The book Elements of Statistical Learning does not seem to give a formal definition of the concept of "stability" as it is used in this context. The words stable or stability do not occur in the index. However, the following quote seems to indicate the intended meaning (page 16 of second edition):
The linear decision boundary from least squares is very smooth, and
apparently stable to fit. It does appear to rely heavily on the
assumption that a linear decision boundary is appropriate. In language
we will develop shortly, it has low variance and potentially high
bias. On the other hand, the $k$-nearest-neighbor procedures do not
appear to rely on any stringent assumptions about the underlying data,
and can adapt to any situation. However, any particular subregion of
the decision boundary depends on a handful of input points and their
particular positions, and is thus wiggly and unstable-high variance
and low bias.
With the linear model all of the data contributes to the predictions for any particular $x$. This gives low variance, hence its predictions can be stable — but high bias if the linear model is not a good approximation.
With the $k$-nearest neighbors method, for any particular $x$ only the $k$-nearest neighbors contribute to the prediction. As a result the variance is higher, hence its predictions can be unstable — this is especially so if $k$ is much smaller than $n$.The gain is that by only using close points, the approximation could be better, so potentially lower bias. One problem is that if the ambient space of the $x$ is high-dimensional, there might be no really close neighbors anyhow.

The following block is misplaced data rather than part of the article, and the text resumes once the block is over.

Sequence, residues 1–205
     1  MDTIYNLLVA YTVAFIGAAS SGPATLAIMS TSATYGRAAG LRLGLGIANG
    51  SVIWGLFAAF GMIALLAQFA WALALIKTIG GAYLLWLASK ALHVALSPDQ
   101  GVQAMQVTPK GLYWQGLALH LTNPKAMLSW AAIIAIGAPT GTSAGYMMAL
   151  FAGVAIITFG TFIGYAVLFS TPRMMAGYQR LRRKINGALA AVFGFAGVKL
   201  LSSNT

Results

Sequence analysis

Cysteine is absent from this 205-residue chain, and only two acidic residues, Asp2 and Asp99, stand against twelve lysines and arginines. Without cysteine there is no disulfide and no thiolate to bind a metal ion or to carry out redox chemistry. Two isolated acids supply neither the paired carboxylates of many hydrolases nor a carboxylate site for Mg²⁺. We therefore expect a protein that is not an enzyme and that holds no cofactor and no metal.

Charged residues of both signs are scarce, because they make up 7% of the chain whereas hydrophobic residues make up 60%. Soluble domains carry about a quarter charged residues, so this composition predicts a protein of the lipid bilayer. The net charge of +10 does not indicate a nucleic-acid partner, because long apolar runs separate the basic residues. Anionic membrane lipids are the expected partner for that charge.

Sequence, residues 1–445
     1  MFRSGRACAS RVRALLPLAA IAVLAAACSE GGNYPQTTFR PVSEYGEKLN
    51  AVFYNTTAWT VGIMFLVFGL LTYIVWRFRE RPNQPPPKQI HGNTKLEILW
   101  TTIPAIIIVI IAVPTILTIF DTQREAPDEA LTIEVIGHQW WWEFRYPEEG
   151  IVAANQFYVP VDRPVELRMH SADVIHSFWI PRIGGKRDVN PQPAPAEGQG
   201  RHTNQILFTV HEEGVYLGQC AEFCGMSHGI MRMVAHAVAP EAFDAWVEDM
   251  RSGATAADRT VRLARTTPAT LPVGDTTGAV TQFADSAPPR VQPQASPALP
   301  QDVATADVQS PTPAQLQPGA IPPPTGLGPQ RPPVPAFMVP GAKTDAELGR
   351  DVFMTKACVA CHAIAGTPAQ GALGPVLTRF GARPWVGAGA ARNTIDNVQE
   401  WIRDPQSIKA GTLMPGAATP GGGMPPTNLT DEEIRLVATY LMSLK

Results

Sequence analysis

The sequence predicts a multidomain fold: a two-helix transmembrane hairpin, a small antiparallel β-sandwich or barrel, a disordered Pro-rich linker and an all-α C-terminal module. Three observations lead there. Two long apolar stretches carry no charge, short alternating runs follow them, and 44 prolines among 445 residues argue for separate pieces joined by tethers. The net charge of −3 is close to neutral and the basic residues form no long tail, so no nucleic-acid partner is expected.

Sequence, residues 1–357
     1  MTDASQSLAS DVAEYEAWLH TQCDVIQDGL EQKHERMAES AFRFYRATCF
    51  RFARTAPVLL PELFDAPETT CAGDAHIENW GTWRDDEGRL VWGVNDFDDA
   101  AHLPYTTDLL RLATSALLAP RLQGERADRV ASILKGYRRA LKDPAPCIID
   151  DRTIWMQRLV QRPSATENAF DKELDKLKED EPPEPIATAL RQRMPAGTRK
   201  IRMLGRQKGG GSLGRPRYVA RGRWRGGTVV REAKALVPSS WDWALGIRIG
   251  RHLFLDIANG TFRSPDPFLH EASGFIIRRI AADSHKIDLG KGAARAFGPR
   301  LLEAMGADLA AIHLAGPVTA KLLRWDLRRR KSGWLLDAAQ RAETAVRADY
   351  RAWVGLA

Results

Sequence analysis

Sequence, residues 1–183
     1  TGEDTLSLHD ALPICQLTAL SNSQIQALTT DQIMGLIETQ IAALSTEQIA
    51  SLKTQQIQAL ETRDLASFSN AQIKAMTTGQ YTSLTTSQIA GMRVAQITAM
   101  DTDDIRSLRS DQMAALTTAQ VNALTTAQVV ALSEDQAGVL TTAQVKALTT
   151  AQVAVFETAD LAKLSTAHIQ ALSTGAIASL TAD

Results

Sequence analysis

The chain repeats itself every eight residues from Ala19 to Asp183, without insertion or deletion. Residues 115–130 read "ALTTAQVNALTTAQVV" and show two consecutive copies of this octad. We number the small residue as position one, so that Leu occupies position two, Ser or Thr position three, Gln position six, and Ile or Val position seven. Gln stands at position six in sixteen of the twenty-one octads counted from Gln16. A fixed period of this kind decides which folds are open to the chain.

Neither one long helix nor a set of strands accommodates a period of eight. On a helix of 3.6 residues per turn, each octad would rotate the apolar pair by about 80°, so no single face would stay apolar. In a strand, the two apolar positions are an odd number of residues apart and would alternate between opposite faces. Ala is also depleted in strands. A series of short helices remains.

Furthermore, for defining neighbors we need a distance measure, a metric. The results of $k$-nearest neighbors depends critically on the definition of the metric, while the linear model does not use such information. The book elements of statistical learning do assume an euclidean metric, bit other choices are of course possible. For the euclidean metric to be meaningful, the different variables must be on comparable scales. If, for instance, you multiply one of the variables by 1000 (changing unit from km to m, for instance) that will change, maybe drastically, the $k$-nearest neighbors solution, while it has no impact on the linear model at all.
Below is the original answer — as historical documentation:
In this context it probably means that when the input data $x$ changes a little, then the predicted value also changes only a little bit, in an easily understood manner, while with $k$-means, this need not be true, some little change in $x$ could cause a surprisingly large change in the prediction.